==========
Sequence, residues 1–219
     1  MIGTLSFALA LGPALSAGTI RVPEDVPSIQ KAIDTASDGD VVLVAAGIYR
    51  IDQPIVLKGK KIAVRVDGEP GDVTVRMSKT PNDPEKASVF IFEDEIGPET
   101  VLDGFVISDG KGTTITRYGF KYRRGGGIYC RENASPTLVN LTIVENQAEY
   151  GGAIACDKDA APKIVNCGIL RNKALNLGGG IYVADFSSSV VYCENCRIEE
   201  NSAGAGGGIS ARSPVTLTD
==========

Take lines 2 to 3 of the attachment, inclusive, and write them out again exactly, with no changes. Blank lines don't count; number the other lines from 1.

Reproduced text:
     1  MIGTLSFALA LGPALSAGTI RVPEDVPSIQ KAIDTASDGD VVLVAAGIYR
    51  IDQPIVLKGK KIAVRVDGEP GDVTVRMSKT PNDPEKASVF IFEDEIGPET